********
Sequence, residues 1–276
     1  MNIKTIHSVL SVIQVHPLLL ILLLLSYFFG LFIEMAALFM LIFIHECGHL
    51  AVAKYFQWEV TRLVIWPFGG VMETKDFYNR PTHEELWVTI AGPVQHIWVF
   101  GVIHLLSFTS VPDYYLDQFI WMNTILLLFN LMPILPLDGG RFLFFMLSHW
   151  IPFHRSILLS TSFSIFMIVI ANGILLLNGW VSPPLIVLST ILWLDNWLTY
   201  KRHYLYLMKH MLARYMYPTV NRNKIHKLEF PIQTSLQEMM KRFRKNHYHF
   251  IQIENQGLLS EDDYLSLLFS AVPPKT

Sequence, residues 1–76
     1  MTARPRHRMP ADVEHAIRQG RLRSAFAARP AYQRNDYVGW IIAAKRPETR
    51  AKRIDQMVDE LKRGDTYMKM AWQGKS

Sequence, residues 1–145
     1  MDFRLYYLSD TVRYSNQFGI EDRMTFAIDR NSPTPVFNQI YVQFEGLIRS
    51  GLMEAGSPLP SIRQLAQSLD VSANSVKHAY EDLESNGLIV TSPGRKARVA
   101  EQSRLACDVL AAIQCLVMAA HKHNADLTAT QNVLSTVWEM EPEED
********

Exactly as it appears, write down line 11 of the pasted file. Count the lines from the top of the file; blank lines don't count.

Sequence, residues 1–145